Marchand, 02 Confederated Tribes of the Colville Reservation (Michael E., “The Need for Tribal Participation in Transportation Policy”, September, TRANSPORTATION RESEARCH CIRCULAR Number E-C039, Conference on Transportation Improvements: Experiences Among Tribal, Local, State, and Federal Governments, http://onlinepubs.trb.org/onlinepubs/circulars/ec039.pdf SW)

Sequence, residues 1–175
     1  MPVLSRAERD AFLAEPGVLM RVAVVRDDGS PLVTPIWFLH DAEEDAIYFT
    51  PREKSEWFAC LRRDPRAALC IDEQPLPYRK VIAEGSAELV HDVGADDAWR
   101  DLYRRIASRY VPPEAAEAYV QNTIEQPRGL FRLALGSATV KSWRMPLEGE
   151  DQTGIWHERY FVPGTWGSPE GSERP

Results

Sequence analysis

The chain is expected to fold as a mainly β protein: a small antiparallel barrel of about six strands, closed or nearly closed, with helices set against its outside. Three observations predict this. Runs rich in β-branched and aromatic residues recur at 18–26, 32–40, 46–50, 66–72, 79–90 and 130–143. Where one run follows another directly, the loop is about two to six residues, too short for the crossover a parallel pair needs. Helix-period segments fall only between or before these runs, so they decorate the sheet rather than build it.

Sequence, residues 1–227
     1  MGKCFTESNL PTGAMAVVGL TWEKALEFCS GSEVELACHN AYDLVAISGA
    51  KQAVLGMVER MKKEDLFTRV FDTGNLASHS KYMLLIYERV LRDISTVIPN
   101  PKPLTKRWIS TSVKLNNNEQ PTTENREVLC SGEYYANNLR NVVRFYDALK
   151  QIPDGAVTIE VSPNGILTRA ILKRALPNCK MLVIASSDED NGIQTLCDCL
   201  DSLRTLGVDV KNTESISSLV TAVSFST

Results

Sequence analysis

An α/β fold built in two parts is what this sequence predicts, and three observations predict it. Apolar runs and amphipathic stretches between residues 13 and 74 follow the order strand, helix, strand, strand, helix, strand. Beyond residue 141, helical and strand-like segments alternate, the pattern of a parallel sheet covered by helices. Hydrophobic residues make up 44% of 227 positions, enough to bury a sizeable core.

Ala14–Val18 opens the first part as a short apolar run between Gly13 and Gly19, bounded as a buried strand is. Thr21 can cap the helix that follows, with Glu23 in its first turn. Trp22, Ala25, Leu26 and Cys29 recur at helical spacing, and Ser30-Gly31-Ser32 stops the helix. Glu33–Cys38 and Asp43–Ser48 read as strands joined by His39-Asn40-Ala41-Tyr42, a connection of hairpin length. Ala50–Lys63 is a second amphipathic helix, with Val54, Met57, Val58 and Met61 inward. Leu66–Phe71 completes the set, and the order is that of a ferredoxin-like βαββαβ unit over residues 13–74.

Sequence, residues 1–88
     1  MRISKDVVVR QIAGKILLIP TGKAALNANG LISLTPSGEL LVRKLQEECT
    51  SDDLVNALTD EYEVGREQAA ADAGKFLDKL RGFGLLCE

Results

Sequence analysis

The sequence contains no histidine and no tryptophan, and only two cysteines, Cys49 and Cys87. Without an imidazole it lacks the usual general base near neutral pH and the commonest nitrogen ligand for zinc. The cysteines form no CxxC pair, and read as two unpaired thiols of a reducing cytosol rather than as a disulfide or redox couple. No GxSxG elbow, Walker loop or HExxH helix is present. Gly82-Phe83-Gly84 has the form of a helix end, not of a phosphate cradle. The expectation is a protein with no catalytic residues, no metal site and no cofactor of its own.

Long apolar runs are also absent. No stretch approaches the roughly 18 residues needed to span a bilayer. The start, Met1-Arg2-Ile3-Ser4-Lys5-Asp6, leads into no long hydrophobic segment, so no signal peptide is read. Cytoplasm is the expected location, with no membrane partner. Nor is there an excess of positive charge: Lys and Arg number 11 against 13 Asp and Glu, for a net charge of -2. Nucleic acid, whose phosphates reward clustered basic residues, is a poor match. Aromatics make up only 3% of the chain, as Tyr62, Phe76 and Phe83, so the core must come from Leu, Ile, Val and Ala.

For me, the backbone for development is transportation systems, resources, and labor. You have to have all these ingredients, but the real backbone for everything is the transportation system. Many tribes are lucky: they have a system that is useable. Other tribes maybe have some of their needs met, although probably most do not. If you have the world’s most beautiful tourist resort spot in the world, it is not going to do you a lot of good if you cannot get a road to it or if you have tribal allotments scattered over a 1,000 mi 2 . If you cannot dig the roads and get anyone to work, that will not help you. Roads are critical. This is where the Transportation Equity Act for the 21st Century (TEA-21) comes in. Most tribes are still relatively undeveloped, so most tribes still do not have their infrastructure in place. We have a real opportunity as tribes to do things right. The tribes really need to spend some time figuring out what they want. I was raised with everyone saying, “We need more jobs, we need more businesses, and we need to make more money.” I have spent most of my life doing that, and I know how to do that. I have started multimillion-dollar businesses. We have these things going, and we are figuring out how to do those things, but we need to step back and ask, “Where is this all taking us? Where do we really want to go?” I do not think that we have done enough of that kind of thing; at least our tribe has not.